CROSS-CUTTING ISSUES (Relev

ant at all

risk lev

els)

Risk assessment

Contingency planning Expert advice & integration within gov

ernment

Surv

eillance &

early-w

arning

(wild birds)

Epidemiological inv

estigations

(response & reporting) Communication (CEP

A

) & media

issues

Other stakeholders inc. relev statutory bodies

Capacity dev

elopment

Dev

elop

information tools to assist decision making. Ensure capacity dev

elopment

in addressed is contingency planning.

Dev

elop

information tools to assist decision making. Determine capacity dev needs and address shortcomings. Ensure adequate capacity to undertake inv

estigations.

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number of technical and other guidances that have been produced in recent years related to issues arising from the spread of HPAI H5N1.

22. The directory provides hyperlinks to publications that are accessible via the Internet, and it has also attempted to categorise such guidance with respect to its intended audience and its technical level (i.e., accessibility to various groups within society) and to indicate the language(s) available. The current listing is dominated by publications in the English language. It is hoped that future versions of this listing will contain a better representation of publications in other languages. Contracting Parties and others are encouraged to submit further examples of good practice guidance to Ramsar’s STRP so that this listing can be continually updated.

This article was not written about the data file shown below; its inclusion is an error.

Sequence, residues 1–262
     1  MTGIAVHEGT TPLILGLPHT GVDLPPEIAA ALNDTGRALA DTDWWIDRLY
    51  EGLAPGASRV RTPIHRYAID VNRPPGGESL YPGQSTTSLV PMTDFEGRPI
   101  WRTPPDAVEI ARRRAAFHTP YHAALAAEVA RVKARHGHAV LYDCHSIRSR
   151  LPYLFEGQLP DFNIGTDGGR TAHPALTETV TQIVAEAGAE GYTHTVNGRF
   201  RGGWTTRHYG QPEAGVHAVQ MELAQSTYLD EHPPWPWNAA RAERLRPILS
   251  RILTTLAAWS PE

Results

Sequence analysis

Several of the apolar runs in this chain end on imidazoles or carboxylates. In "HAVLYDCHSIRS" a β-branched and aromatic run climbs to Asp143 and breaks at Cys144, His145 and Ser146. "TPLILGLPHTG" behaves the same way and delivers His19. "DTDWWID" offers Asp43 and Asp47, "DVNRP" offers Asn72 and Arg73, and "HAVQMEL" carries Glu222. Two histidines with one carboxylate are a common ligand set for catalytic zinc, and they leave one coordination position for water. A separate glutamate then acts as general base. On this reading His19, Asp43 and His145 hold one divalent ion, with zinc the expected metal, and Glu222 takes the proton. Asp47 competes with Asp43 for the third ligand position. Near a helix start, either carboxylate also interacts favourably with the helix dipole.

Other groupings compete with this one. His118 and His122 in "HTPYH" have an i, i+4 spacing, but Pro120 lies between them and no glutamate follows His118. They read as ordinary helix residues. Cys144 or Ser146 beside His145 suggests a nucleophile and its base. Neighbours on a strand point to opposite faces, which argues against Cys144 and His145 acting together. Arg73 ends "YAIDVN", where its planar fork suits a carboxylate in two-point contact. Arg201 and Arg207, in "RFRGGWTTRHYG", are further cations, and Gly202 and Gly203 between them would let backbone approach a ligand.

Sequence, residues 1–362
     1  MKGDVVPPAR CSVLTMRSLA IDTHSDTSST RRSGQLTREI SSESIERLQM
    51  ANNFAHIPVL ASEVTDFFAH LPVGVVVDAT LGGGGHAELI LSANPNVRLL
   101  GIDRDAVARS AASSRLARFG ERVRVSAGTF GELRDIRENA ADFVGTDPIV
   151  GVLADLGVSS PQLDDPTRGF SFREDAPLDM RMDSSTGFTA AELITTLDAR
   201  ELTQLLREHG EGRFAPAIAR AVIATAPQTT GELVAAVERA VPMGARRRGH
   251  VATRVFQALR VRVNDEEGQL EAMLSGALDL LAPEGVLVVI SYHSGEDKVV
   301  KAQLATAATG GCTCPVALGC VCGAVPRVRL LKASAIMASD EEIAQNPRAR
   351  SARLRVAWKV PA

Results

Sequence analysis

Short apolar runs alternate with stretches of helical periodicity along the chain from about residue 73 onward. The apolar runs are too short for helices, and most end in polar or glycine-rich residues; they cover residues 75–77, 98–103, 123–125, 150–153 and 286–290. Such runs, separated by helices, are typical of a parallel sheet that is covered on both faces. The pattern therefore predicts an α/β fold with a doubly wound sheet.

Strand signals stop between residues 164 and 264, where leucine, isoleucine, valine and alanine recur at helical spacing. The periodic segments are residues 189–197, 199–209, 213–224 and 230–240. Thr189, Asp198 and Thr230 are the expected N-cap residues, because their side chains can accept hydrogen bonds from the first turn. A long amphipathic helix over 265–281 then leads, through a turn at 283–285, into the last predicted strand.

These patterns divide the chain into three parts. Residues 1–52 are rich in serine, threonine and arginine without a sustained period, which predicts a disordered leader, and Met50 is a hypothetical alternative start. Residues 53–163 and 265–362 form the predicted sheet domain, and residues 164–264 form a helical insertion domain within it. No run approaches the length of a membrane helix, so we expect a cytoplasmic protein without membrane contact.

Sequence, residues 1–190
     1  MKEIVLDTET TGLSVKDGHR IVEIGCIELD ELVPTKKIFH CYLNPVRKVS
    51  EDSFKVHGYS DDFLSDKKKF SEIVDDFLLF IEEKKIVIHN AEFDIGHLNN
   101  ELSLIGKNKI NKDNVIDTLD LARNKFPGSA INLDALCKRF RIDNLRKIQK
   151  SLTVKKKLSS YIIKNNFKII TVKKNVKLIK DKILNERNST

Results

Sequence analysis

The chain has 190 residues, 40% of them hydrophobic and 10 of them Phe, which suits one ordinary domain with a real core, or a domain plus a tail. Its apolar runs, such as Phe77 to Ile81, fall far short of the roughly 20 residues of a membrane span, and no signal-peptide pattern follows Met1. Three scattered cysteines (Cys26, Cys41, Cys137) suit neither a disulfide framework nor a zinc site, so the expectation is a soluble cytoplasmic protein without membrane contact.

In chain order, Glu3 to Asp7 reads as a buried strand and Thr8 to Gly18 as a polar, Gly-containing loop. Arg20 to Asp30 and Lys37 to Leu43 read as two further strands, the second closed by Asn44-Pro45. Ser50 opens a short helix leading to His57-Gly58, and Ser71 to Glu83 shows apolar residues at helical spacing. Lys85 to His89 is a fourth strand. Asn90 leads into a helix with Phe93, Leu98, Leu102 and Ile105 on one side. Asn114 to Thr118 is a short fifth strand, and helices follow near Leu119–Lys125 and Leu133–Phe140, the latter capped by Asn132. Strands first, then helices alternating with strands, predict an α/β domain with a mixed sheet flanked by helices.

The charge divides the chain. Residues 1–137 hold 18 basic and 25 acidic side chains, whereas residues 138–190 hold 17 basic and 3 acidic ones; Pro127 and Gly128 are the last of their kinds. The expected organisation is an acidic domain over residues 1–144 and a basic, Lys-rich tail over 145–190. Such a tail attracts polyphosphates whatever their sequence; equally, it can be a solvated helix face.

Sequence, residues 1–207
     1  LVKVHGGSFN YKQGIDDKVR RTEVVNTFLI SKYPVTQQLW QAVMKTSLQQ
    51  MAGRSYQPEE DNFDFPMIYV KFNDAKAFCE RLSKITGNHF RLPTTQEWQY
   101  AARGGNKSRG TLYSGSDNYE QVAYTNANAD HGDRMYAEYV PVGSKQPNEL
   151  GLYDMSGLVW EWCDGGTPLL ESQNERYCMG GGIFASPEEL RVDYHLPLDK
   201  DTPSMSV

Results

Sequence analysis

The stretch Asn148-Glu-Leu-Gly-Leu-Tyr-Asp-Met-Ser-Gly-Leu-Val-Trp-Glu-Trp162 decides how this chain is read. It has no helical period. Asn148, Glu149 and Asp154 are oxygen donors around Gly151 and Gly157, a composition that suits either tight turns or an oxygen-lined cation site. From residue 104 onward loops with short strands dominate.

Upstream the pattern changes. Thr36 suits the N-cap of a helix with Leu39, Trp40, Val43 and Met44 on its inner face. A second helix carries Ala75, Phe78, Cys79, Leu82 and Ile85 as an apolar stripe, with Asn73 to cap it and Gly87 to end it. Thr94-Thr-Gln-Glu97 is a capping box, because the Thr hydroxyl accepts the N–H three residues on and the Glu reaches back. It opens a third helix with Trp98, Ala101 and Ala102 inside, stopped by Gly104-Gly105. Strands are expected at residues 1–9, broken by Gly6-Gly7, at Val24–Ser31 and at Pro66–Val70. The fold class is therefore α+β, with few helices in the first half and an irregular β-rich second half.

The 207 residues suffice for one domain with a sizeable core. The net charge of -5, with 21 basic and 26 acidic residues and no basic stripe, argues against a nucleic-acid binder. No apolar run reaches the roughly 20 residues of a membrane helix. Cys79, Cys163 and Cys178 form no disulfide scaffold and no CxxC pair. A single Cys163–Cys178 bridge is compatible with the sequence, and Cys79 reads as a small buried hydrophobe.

23. Levels of accessibility are roughly assessed as follows:

Public Content accessible to untrained public

General Content accessible to informed public, other stakeholder groups and interested parties, as well as trained professionals

Technical Language and content aimed largely at professionals or technical specialists in the subject area concerned

Structure and content

24. Guidance documents are organized under the following topics and subtopics:

• Contingency planning and risk assessment Background

General

Nature reserves and wild birds

• Surveillance and early warning systems General

Methodology Past initiatives Health & Safety • Prevention and control